If automobile manufacturers and celebrity endorsers are to be believed, then the hybrid car is the best thing that humanity has done for the environment since we stopped using our freshwater sources to dump our sewage. With its clean energy, reduced dependence on fossil fuels, fewer emissions, and little leafy-road logo on the the back bumper, it seems pretty obvious that hybrid automobiles are single-handedly going to replant rainforests and stop global warming in its tracks. However, a closer inspection reveals that these trendy little buggies may not be the green answer that the world’s drivers are looking for.
The Story Behind Hybrid Batteries
See, hybrid cars are able to rely on less gasoline than conventional automobiles all thanks to their batteries. The battery stores electricity (as you might expect) and uses that energy to supplement fuel power and keep the hybrid rolling merrily along. The battery is the heart of all hybrid vehicles.
Unfortunately, batteries are about as good for our planet as deep-fat-fried cocaine is for our bodies. See, even though hybrid makers are eager to play up the whole nature-aspect of their designs, batteries don’t actually grow on trees. Batteries use complex chemical reactions to charge, store, release, and then recharge, and these reactions rely on some fairly non renewable resources. Precious metals such as lithium and cobalt aren’t super easy to find yet are essential to battery manufacturing. The technique used to acquire these metals-strip mining-is the environmental equivalent to kicking down someone’s front door and ransacking the place. Entire mountain tops have been lopped off and pulverized in search of valuable resources, and in the wake of a strip mining venture, the surrounding landscape is often left a barren, toxic wasteland (think Mordor, except with less personality). The batteries that these metals go into don’t last forever either; they need to be replaced after about every 100,000 miles. And when they’re used up, they often end up in landfills where they leak poisonous chemicals into the ground (and possibly the groundwater as well).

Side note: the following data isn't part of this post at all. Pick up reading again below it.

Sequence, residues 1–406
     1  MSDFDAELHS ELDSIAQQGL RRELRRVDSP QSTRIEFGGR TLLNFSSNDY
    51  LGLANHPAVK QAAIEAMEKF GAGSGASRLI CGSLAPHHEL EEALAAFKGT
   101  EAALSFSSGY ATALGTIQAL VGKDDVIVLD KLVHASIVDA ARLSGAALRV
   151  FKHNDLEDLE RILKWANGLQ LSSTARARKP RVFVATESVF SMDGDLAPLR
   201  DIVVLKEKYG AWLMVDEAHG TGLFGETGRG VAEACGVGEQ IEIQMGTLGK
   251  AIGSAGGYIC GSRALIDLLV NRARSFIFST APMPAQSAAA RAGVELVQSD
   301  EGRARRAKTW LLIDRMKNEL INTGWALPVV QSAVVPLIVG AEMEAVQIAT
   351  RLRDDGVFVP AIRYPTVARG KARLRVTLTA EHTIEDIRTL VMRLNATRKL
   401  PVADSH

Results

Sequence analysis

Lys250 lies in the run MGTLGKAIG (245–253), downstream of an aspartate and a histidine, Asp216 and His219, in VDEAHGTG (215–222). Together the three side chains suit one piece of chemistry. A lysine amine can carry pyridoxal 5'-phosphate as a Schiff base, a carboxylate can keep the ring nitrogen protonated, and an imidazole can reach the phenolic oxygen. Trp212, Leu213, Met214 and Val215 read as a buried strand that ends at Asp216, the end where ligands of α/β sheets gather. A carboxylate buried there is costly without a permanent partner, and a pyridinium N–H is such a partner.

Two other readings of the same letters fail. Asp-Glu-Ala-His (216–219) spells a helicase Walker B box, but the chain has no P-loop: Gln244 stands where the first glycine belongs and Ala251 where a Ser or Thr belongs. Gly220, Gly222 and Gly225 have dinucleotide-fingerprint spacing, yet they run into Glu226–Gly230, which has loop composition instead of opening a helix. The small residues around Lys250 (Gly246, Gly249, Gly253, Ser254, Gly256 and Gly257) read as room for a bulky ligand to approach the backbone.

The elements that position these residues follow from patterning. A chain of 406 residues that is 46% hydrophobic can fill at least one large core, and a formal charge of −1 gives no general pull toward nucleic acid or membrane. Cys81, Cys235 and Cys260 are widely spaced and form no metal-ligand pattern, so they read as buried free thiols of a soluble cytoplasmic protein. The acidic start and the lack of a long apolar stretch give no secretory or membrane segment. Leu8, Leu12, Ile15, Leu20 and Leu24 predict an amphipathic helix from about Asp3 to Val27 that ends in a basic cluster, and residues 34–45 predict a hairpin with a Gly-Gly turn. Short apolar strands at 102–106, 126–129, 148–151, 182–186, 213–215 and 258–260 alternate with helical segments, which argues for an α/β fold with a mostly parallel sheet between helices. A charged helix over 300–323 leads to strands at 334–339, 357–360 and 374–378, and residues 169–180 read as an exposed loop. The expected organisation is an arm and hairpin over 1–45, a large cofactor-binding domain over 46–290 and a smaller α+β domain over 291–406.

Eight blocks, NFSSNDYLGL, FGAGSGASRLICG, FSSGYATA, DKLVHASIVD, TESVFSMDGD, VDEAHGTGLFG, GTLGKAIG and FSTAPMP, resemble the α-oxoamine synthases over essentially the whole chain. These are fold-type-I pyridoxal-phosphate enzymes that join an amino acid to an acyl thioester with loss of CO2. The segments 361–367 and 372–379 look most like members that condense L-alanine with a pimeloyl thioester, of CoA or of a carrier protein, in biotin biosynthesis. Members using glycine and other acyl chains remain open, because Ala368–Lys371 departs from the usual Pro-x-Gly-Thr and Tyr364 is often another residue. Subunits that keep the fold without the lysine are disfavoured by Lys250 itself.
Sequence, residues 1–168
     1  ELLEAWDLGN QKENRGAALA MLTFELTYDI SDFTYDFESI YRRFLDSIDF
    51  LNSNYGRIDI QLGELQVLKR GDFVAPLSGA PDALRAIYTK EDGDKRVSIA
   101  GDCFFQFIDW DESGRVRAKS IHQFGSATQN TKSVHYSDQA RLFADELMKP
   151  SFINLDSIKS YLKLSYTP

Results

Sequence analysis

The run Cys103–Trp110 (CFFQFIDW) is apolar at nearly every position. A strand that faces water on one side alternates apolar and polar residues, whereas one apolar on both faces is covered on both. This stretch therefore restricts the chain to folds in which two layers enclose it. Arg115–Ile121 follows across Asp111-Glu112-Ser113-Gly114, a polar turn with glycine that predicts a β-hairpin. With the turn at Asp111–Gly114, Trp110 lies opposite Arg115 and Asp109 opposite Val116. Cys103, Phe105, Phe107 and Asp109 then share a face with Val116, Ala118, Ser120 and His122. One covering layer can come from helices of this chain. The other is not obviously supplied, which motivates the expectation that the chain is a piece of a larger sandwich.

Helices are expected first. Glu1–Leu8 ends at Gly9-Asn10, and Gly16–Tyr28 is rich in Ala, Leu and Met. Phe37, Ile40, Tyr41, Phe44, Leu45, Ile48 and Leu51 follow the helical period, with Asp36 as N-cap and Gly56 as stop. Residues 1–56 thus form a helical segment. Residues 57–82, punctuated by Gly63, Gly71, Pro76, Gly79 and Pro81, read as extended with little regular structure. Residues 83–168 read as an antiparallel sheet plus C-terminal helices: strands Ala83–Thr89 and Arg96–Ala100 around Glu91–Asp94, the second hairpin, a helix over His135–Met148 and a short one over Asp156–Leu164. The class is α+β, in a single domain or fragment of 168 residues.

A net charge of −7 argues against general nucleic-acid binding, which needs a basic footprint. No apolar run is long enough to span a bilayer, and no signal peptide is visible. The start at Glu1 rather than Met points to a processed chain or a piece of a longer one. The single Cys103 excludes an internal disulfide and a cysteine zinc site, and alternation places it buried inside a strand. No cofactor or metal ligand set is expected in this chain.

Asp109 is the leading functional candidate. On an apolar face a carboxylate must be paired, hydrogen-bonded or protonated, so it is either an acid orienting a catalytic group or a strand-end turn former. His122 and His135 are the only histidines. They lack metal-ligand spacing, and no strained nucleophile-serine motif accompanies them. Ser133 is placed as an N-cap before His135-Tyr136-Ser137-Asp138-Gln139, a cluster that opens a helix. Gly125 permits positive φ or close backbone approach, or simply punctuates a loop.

Manufacturing Hybrids Uses Pollution-Heavy Methods
As for the actual cars, well, you might picture their manufacturing plants as being giant green fields where fairies and unicorns whistle merry tunes as they install engines and tighten wheel nuts, but the reality is a little less progressive. In fact, for all of their bravado, hybrid manufacturers build their cars using the same pollution-heavy methods as any other car makers. Plus, the batteries themselves need to be manufactured, which produces even more harmful emissions. In fact, when you look at all the numbers, the production of a single hybrid car results in more than twice as much carbon dioxide being released into our atmosphere as the production of a gas powered car.
Hybrid Cars Still Use Non-Renewable Energy
But wait! At least the energy that goes into the hybrid is clean, right? Well, possibly. It all depends on where you charge it, actually. See, electricity is produced in a number of ways. Some areas get their electricity through clean energy sources such as hydroelectric or geothermal plants. However, 44% of the electricity in the United States comes from good-old-fashioned coal-burning power plants. And in case that doesn’t immediately make you want to vomit in terror, remember that coal power plants are the single largest source of carbon dioxide emissions in the world and are believed to be the primary cause of global warming. It would actually be better for the environment if your hybrid just ran off of whale oil because at least that burns relatively clean and doesn’t have to be strip-mined out of the ground. But what about all of that research that seems to indicate that hybrid cars are making a difference? Well, as Ozzie Zehner points out in his book Green Illusions: The Dirty Secrets of Clean Energy and the Future of Environmentalism, the truth is that much of that research is actually funded by players within the automotive industry, so the potential for bias is certainly there.
So, yes, the hybrid automobile is one path that people can take when they want to do their part to save the environment; it just happens to be the wrong one. If you really want to help the environment, one of the best things you can do is use less electricity. But don’t put your faith in hybrid cars because in the end, they tend to do more harm than good.